When the bribers do initiate the transaction, it's usually done by lobbyists who don't corrupt formerly "innocent" politicians, but who simply bring to the already-corrupt politician's attention an extortion they hadn't already thought of.  Here's lobbying superstar Jack Abramoff, now an ex-con feigning contrition, talking about initiating bribes to remove restrictions already in the law (which the politician should know were unconstitutional in the first place) and get paid for it, not always in the form of money, but often in the forms of food, drink, golf games, trips and/or promises of a future job as ... (guess what? ... wait for it ... right!  As a highly-paid LOBBYIST!) 

It's a "protection racket," stupid.

And, of course the REAL reason is: "Money doesn't corrupt politics... Politics corrupts money-making."  It's all made clear HERE and HERE.

"Is it donors' fault if they are being forced to buy 'protection' from powerful politicans?" -- Robert W. Tracinski  

i.e., "I propose a massive new purchase from, or monopoly for, someone in your industry. You don't want your competitor to get it, do you?"  
     -- or ---
"My colleagues have introduced a bill to increase taxes or regulations on your industry, but this can be made to go away..."

"John McCain told me that the industries which contribute the most to political campaigns are the ones which are the most heavily regulated by the federal government." -- John Fund on Hardball March 26, 2001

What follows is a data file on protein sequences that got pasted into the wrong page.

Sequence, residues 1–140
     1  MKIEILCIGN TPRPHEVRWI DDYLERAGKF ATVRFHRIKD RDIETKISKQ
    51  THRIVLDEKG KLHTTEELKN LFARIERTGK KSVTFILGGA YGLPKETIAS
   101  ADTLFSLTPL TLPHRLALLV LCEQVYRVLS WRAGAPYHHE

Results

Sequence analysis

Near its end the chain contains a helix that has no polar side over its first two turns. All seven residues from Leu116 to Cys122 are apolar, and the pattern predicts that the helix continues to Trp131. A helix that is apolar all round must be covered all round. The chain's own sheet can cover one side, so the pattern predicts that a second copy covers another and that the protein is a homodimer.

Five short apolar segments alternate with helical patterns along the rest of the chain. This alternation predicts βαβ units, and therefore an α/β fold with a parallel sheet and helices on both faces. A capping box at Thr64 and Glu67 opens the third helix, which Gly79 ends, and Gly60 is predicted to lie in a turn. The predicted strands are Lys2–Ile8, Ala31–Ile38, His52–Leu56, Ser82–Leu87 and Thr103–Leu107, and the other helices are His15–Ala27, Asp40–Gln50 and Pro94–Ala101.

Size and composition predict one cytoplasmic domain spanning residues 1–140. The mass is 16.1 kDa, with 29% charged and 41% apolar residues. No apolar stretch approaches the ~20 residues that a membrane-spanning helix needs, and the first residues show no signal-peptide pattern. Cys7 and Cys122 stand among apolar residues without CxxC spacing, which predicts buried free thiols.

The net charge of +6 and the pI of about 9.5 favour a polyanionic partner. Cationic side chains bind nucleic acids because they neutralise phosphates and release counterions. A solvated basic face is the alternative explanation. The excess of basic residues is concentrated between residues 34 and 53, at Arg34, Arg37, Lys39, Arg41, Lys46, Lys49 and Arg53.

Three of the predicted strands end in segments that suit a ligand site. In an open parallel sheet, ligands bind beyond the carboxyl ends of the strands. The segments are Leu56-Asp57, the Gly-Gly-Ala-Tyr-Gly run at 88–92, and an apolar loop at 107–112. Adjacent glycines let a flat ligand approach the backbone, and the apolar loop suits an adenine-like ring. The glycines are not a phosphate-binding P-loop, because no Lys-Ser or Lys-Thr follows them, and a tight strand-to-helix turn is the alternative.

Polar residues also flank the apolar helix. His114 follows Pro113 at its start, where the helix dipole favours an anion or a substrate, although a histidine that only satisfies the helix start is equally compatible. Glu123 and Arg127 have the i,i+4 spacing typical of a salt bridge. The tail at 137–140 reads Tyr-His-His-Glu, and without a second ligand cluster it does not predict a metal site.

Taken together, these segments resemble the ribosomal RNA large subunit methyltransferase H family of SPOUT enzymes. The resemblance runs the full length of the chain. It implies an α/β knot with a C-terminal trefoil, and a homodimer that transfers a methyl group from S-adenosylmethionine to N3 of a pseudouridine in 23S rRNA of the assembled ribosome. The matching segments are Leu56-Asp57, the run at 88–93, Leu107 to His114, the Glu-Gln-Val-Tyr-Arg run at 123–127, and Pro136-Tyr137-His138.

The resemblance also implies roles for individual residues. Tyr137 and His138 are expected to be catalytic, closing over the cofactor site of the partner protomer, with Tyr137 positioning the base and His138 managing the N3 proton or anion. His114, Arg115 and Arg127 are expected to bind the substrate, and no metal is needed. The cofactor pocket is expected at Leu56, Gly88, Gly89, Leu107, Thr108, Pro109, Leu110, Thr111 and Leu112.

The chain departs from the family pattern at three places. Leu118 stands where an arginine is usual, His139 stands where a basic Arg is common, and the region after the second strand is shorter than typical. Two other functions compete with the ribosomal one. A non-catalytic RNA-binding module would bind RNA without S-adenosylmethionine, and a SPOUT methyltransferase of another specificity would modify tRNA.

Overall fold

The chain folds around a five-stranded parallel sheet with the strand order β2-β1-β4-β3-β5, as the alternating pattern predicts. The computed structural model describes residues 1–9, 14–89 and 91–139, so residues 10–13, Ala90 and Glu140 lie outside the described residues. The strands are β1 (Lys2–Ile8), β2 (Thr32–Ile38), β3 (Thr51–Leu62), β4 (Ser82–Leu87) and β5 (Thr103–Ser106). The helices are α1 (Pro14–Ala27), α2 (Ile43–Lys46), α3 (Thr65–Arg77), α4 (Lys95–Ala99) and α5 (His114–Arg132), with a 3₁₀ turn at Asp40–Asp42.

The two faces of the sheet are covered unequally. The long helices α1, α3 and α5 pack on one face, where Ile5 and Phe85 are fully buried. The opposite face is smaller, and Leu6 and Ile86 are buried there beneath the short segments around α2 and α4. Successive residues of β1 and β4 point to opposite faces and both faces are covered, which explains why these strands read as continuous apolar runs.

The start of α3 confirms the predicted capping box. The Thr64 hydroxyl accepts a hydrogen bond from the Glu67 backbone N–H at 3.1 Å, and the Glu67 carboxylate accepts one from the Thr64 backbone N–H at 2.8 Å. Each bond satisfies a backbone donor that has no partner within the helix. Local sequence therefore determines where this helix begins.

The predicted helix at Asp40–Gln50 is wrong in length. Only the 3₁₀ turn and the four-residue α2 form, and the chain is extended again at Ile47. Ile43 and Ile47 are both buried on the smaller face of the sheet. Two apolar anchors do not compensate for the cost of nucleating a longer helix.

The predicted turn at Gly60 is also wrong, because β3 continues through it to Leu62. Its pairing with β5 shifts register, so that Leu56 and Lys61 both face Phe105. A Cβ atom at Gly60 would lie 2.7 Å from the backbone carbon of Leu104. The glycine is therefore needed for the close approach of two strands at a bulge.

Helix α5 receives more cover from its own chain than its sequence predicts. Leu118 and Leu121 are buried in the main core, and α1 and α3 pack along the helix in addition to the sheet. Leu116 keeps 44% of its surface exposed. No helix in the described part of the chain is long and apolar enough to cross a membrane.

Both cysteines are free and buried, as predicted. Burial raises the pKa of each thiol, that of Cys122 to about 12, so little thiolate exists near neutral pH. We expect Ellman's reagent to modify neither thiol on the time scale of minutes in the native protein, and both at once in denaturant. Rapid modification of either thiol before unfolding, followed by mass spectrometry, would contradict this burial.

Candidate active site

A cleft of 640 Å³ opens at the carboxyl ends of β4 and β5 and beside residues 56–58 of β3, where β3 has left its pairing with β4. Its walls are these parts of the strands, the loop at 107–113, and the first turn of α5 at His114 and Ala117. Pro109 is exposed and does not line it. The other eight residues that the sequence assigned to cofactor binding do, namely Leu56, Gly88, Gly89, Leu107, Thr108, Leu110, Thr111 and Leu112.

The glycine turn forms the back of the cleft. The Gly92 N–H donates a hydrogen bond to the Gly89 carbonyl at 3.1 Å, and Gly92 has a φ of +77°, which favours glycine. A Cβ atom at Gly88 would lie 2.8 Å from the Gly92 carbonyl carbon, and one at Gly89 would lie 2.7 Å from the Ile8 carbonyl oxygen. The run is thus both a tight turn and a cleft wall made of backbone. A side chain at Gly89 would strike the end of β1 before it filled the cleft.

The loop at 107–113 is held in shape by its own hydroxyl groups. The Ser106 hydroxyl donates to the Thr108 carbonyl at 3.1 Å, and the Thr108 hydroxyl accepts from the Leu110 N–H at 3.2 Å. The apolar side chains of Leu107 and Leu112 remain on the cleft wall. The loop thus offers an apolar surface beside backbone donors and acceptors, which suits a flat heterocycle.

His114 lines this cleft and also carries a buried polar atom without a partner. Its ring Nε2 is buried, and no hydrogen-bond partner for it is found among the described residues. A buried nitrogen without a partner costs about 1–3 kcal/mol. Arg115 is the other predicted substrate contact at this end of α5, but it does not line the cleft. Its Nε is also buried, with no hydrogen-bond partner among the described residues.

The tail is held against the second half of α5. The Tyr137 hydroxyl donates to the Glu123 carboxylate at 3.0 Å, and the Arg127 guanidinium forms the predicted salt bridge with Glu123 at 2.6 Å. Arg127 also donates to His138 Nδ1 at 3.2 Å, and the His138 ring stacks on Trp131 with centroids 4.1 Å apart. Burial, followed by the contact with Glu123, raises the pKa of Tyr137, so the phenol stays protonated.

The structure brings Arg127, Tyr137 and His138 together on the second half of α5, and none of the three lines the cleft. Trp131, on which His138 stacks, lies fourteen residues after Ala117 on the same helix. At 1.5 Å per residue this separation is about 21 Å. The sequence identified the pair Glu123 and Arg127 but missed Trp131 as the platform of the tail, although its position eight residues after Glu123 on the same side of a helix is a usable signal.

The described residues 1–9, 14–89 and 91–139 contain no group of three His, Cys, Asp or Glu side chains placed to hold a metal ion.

"Corruption lies in the heart of the receiver, and not in the wallet of the giver." -- Sen. Robert Bennett (R-UT) on the floor of the Senate, March 29, 2001

"Contrary to popular belief, people who deliberately go out to buy political influence are vastly outnumbered by people who are sold political influence by creative or desperate politicians." -- Rick Gaber

"[John McCain] has raised every conceivable concern about constituents' improper influence over their government, while expressing little or no concern about the government's improper power over its constituents." -- Jack Wakeland

"There's something psychotic about people who go around asking whether large business concerns should be allowed to operate without first getting government permission for every little thing, but who never ask whether politicians should be allowed to shake down businesses and businessmen any damn time they want to." -- Rick Gaber 

"The problem with politics isn't the money; it's the power." -- Harry Browne

The incumbent politicians that supported McCain-Feingold prefer to keep us quiet and prevent us from making noise about their records as Election Day gets closer.  A great travesty of the law is that it makes it harder for candidates of middle-class means to run for office at all. Instead, we have the example of how one candidate spent $100 million personally to buy a Senate seat, then a governorship, but while in the Senate voted for McCain-Feingold to limit every middle-class citizen to $2,500 in donations per election campaign. These rules move us dangerously closer to a plutocracy where the highest bidder [among politicians] can buy a seat." -- Newt Gingrich  

"McCain / Feingold ... 'Shut Up or Go To Prison' " -- Brad Cloven
"The politicians should not tell the people to shut up." -- John Stossel

"McCain-Feingold's backers claimed the law would rein in large donors and facilitate political campaigns that are less expensive, less negative and less influenced by special interests. If that nirvana has arrived, we haven't noticed. . . . Perhaps the lesson is that limiting political speech isn't the cure for whatever supposedly ails the electoral system. Let's hope the Supreme Court seizes this opportunity to start dismantling the speech-regulation regime known as McCain-Feingold." -- Wall Street Journal editorial, 12-29-06